Beauty in a Butcher’s Shop

By Damian Robin

There can be beauty in a butcher’s shop
Even when that butcher’s shop’s unclean;
And we can make that dirty butchery stop
By listening to the words of a beauty queen.

She has the knowledge, facts, and verbal skills
And depth of purity to make things clear;
And when she says how communism kills
At first her sense is easy on the ear.

But as her words flow through, there’s consternation.
Her hair’s soft silk – but is her smooth talk true?
For why don’t governments pay attention?
Are they confused by what good looks can do?

In fact, hard truth is hard to hear and take,
But beauty must have Truth, or else mistake.

 

For Reference:

Anastasia Lin’s website
Boston Globe article December 13, 2016
Epoch Times article December 15, 2016

 

Damian Robin lives in England where he works for an international newspaper and lives with his wife and three children.


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2 Responses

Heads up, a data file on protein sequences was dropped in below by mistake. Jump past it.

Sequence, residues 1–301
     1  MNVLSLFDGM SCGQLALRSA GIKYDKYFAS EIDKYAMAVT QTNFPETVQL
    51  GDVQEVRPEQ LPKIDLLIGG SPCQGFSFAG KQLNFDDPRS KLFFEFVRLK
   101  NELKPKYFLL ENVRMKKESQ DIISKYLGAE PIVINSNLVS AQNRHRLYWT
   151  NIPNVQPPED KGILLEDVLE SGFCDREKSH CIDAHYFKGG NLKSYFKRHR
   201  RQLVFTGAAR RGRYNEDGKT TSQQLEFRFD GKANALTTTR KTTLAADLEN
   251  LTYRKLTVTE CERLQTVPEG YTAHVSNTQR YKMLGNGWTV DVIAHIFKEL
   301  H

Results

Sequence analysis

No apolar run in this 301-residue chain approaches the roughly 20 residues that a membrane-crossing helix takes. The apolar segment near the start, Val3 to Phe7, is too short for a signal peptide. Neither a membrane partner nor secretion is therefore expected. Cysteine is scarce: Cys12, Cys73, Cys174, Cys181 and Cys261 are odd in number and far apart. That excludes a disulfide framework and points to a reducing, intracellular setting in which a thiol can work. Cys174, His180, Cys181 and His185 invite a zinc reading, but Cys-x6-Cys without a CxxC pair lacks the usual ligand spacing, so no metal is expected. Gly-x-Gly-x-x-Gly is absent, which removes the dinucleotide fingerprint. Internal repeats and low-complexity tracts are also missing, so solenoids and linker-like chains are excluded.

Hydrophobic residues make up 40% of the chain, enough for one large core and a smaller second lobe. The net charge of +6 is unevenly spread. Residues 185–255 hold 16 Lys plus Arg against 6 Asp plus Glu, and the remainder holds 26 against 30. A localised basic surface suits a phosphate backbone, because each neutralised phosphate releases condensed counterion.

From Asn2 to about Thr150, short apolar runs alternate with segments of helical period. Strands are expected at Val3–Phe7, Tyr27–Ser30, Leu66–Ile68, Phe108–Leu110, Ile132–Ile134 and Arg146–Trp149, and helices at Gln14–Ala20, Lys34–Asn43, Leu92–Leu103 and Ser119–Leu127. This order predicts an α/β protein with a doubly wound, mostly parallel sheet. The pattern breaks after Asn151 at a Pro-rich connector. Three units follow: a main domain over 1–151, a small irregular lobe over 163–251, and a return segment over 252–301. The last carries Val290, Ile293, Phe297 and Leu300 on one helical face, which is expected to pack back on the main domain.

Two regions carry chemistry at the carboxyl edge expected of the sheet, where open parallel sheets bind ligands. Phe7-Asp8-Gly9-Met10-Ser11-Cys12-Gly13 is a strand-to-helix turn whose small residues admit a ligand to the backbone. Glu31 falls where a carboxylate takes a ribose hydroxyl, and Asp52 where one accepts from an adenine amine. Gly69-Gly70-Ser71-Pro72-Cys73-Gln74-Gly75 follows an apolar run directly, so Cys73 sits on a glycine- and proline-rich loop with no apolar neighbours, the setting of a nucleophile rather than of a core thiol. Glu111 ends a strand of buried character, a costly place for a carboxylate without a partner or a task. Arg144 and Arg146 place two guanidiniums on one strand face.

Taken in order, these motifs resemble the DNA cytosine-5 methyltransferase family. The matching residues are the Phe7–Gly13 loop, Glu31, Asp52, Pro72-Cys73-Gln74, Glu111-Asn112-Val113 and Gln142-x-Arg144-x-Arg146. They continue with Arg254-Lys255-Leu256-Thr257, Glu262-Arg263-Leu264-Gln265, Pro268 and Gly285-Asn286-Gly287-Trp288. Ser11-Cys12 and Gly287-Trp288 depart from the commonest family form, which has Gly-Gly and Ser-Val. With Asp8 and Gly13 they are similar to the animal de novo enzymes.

1. Eddie Aitken

    Beauty with a righteous voice
    Lays it out to make your choice
    Indifference or uncompassionate ear
    Or in some cases implicated fear
    The story’s out for all to ponder
    For now efforts seem to fail
    But for those who care their hearts may sail

    Reply
  2. Damian Robin

    Courage
    http://www.anastasialin.com/home/

    Though in your homeland you are persona non grata,
    And Communists would break your Chinese father,
    And The Party kill you inside China,
    You do not wear the ball gown of a martyr.

    Though in the vice of western media glitz,
    Though in the jaws of fame, though where you steer
    The life-consuming giant dragon spits,
    You still cast off its dressing-downs of fear.

    Sometimes it seems you’re crowned with confidence
    Though you may talk on stage through circling fright.
    Your actress training swells experience
    To move you into widening arcs of light.

    And though you’re often scared, you radiate,
    Though clothed by fame, you wear it without pride,
    Though strong-willed, you still must meditate,
    And cultivate, to face the world outside.
    EndFragment

    Reply

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